p. 140, Karl Weiken on the relief journey: During the excessive exertions and nerve-racking hustle of the summer we had often looked forward to the long restful winter night. First we would rest awhile and collect ourselves, and then we would be able to enjoy a good book again.
p. 151-55, Winter at Western Station: “the rest of the evening we were usually free to do what we liked. One might be reading a book from our library while the man on one side of him industriously made calculations from the day’s observations, and the man on the other side pored over old newspapers, the contents of which we soon knew by heart. For a change there were some books of puzzles, or the hut might be enlivened by a game of skat or bridge, which, however, often caused night to be turned into day.
p. 194, winter at Eismitte during 1930-31: On Sunday afternoon we drank chocolate by way of a treat and usually spent the time reading. We had a small but good library of books on scientific and literary subjects and on the history of art. We shall never forget the Sunday evenings, when Loewe took our pocket editions of the poems of Goethe and Schiller and read their immortal poems aloud with genuine art and deep feeling. We often thought wistfully of all the fine music which we could neither play nor hear owing to our complete lack of musical instruments…. One’s sensitiveness to art, poetry and music seems to increase enormously when one is far removed from the surfeit of culture in Europe.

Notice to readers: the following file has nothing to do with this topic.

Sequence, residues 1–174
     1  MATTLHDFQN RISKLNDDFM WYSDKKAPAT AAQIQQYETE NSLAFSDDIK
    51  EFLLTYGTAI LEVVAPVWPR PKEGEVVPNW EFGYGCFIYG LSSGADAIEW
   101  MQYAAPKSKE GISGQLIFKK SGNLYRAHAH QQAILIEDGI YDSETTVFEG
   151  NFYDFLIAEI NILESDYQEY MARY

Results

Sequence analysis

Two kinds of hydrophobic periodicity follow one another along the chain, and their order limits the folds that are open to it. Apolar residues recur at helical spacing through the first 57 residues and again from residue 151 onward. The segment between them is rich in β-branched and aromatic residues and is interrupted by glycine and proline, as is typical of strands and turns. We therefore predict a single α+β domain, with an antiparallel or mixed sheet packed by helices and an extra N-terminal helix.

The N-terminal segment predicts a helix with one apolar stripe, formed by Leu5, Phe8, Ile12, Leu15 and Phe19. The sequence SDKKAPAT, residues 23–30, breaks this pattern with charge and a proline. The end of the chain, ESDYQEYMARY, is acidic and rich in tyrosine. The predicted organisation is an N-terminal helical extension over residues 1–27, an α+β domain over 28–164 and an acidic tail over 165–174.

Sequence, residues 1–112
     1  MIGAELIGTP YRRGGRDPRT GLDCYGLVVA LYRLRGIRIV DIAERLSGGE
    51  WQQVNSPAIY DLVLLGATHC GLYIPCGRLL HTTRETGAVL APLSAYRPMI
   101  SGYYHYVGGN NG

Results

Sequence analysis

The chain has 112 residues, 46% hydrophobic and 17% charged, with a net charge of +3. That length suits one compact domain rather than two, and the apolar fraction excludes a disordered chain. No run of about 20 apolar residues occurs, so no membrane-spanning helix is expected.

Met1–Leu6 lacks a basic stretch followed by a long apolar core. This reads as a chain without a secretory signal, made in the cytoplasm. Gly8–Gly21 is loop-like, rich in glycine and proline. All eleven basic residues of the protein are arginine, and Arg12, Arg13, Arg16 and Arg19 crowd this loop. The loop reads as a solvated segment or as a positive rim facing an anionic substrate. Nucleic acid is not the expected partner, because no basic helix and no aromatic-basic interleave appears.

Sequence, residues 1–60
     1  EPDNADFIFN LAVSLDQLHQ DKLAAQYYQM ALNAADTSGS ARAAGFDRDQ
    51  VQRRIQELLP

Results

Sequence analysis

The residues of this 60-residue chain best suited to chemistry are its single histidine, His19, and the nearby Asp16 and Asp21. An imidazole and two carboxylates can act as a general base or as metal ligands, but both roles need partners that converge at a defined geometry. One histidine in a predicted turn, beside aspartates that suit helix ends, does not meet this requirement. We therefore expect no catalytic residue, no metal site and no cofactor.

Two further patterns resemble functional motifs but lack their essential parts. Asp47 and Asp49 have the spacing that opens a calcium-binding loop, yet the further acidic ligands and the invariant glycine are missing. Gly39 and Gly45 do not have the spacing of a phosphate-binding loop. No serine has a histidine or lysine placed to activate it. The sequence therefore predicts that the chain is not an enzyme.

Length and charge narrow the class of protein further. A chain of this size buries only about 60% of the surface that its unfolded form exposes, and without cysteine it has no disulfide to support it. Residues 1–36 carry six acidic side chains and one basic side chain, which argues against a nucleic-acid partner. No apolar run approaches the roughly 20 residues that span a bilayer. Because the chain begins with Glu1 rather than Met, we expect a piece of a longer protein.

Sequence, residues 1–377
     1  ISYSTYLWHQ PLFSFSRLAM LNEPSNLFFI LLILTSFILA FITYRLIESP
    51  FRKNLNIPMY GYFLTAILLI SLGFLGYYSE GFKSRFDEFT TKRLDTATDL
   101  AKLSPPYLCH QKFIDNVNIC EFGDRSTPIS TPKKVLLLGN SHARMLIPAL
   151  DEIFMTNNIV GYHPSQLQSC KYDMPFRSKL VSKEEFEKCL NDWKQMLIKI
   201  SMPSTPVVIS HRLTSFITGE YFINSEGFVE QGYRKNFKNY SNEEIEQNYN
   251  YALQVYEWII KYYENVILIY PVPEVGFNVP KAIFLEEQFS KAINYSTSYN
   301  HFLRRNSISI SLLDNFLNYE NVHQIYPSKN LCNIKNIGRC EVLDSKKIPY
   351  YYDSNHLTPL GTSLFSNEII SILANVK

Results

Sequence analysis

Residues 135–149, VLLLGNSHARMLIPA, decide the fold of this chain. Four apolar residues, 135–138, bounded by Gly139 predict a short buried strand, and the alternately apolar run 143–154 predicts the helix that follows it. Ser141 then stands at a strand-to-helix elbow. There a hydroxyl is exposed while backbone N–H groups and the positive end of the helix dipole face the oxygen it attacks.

p. 200-01, on finding Wegener’s body, his diary was missing.